A drug used to treat people with overactive bladder can also boost the calorie-burning capacity of the body's brown fat, new findings show.
Unlike its cousin "white fat," which stores calories, brown fat actually burns calories, helping babies and hibernating mammals to stay warm. In 2009, five research teams reported finding functional brown fat in adult humans.
Now, investigators hope that cranking up the metabolic activity of brown fat could help people lose weight, as well as bring other metabolic benefits. Previous studies have shown that exposing someone to cold can activate brown fat, but the new study shows that a medicine may have the same effect.
"I would say the results are promising, but there's a lot that we still have to figure out," said Dr. Aaron Cypess, head of the Diabetes, Endocrinology, and Obesity Branch at the National Institute of Diabetes and Digestive and Kidney Diseases. Cypess conducted the study while at the Joslin Diabetes Center in Boston, and was also one of the researchers to identify brown fat in adults for the first time.
"We don't know if the drug is effective when taken chronically," either at a dose of 50 milligrams daily, which is the amount used for treating people with overactive bladder, or a dose of 200 mg daily, which the researchers used in their study, Cypess said. "Since all drugs have side effects, it's not ethical for us to recommend its use for weight loss until we have more information on both efficacy and safety."
The medication, mirabegron, works by activating receptors called beta-3 adrenergic receptors. Both brown and white fat cells, as well as bladder tissue, have these receptors. Researchers have been trying to develop a drug that activates these receptors for over two decades, Cypess said. The idea was that stimulating these receptors might burn white fat, he said. But many of the experimental medications tested had cardiovascular side effects, and in clinical trials, none were found to be effective. [Lose Weight Smartly: 7 Little-Known Tricks that Shave Pounds]
In the new study, Cypess and his team screened 15 healthy men for brown fat activity. The 12 men with detectable amounts of brown fat then underwent two imaging scans, at least 48 hours apart, that let researchers see the activity levels in their brown fat. On one day, the men received a placebo, and on the other, they were given 200 mg of mirabegron.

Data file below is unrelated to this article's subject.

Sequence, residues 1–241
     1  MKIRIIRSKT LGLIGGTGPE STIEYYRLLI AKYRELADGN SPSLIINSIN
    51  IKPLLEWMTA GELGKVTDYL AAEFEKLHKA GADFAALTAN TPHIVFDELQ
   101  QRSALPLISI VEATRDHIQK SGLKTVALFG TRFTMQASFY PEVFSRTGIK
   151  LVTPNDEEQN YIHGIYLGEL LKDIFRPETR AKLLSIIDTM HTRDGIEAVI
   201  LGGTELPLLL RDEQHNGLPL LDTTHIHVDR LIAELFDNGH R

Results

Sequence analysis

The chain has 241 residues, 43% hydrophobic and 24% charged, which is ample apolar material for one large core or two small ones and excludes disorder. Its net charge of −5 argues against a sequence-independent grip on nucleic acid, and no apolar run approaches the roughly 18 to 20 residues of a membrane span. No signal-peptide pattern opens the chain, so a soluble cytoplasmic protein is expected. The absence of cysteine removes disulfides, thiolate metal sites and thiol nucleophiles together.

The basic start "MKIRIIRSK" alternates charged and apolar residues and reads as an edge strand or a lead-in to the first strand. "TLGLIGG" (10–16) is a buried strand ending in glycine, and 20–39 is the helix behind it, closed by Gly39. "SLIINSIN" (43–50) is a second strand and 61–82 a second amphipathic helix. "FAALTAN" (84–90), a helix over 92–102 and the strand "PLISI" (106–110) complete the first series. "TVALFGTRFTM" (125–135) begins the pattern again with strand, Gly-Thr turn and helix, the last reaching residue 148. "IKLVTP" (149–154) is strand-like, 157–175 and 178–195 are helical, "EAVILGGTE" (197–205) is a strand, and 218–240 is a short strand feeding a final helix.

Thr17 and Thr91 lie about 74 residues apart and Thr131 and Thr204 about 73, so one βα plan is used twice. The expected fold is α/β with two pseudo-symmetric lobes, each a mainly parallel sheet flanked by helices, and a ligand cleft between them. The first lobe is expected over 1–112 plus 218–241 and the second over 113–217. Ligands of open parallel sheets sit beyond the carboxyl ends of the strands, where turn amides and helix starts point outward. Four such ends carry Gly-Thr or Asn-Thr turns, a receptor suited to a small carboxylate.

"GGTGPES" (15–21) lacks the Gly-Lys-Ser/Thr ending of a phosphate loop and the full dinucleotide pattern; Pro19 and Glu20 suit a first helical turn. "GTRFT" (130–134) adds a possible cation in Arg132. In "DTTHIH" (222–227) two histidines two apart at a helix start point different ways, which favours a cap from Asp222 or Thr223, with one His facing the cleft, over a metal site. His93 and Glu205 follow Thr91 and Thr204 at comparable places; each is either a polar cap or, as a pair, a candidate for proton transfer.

The scans showed that brown fat took up significantly more glucose when the men received mirabegron treatment. In other words, the drug seemed to prompt the fat cells to use more energy. On average, study participants burned 203 more calories per day when on the drug, compared with days they took the placebo, an increase of 13 percent. This would translate to a weight loss of about 11 pounds (5 kilograms) in one year, according to the researchers.
The drug did have some side effects — the study participants' heart rate increased by an average of 14 beats per minute when they took the drug, and their systolic blood pressure increased by 11 mmHg. However, Cypess and his colleagues noted, these increases were less than those seen with other drugs that boost metabolic rate, such as ephedrine.
Cypess said he and his colleagues hope that activating brown fat may have benefits beyond just burning more calories, for example, helping to treat people with fatty liver disease. Researchers don't yet know everything about what brown fat does in the body, such as what hormones it may release, he said.
"We're certainly excited about the energy-burning capacity, but we're thinking about the more broad physiological basis of what brown fat may be able to do," he said.
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